You know, most of what's written in the student handbook is really common sense. You just plain old can't go to class in your thong bikini. No wearing huge chains or obscenities on your shirt. But why the rule about not dying your hair unless it's a "natural" colour? No mohawks? Makes no sense. I mean, unless they're just forbidding mohawks that are hardened and spiked somehow so as to be a physical danger. Otherwise, who cares as long as the kid behind him can see in class? And the no-beard rule? What's up with that? Patrick just says they don't enforce any of the rules anyway, and who cares? I think he'd probably just sign *whatever* and he's embarrassed that Mom makes a stink at every table during orientation with "no way I'm signing that..."

I imagine the administrators have figured out that my children are nice enough guys but that I'm kind of a mmm... something... on signing forms. D and I won't even allow our children to sign the forms the district wants from KINDERGARTEN on. We'd write, "(name) is a minor and is unable to sign for himself" on these things and send them back. Yes, they're training our children to sign away their rights in KINDERGARTEN. Unfortunately, I've seen the way some of the children behave in class and understand the need the schools have to get a little "buy-in" on the idea that we all need to behave decently to one another. But good grief.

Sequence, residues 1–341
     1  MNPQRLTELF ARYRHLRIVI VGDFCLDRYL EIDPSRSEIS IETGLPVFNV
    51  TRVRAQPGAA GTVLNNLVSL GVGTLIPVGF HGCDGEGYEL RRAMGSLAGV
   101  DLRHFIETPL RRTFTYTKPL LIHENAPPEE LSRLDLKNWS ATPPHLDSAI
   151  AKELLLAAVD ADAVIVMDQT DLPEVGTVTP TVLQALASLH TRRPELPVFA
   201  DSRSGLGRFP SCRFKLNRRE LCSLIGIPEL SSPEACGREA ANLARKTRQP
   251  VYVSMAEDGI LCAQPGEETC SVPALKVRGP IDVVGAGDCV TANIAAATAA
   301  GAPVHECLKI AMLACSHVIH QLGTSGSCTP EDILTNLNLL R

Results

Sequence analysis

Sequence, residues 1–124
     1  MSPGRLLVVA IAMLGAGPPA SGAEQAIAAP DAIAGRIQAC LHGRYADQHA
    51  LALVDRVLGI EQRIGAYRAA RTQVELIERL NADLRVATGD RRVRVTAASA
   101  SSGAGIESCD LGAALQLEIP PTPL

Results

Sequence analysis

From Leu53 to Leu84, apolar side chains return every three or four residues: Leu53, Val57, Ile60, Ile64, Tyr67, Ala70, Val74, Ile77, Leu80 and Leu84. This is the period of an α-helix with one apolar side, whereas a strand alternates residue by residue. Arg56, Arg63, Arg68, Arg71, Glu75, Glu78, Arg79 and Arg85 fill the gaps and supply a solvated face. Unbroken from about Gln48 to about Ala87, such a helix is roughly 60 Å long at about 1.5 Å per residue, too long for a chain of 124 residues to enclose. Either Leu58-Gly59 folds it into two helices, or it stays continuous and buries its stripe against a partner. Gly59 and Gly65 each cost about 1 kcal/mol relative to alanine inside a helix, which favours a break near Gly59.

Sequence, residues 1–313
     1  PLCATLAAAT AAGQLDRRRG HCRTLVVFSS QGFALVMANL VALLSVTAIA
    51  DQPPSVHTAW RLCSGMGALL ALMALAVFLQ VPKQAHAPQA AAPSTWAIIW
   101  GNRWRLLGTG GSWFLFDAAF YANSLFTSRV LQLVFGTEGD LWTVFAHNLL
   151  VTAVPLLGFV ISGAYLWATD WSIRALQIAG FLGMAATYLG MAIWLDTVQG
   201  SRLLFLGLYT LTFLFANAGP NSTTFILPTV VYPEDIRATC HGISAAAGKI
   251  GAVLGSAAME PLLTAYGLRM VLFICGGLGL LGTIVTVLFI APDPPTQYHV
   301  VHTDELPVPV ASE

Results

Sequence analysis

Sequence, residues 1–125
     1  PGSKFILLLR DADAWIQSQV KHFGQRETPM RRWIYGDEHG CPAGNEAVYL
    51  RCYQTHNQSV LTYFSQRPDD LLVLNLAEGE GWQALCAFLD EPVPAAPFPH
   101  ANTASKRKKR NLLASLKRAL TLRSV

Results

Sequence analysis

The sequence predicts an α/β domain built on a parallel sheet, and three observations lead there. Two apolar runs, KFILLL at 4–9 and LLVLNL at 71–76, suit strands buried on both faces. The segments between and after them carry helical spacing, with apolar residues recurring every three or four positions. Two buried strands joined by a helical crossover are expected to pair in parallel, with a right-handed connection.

1. Please, what kind of special seating does G need? I'm a teacher, and the children who need special seating in my class are right up NEXT TO MY DESK, and NEXT TO THE CHALK BOARD.

    I do let kids choose their own seats the first day, and I don't change them for about two weeks until I can begin to learn their individual personalities, and really see what each child needs individually.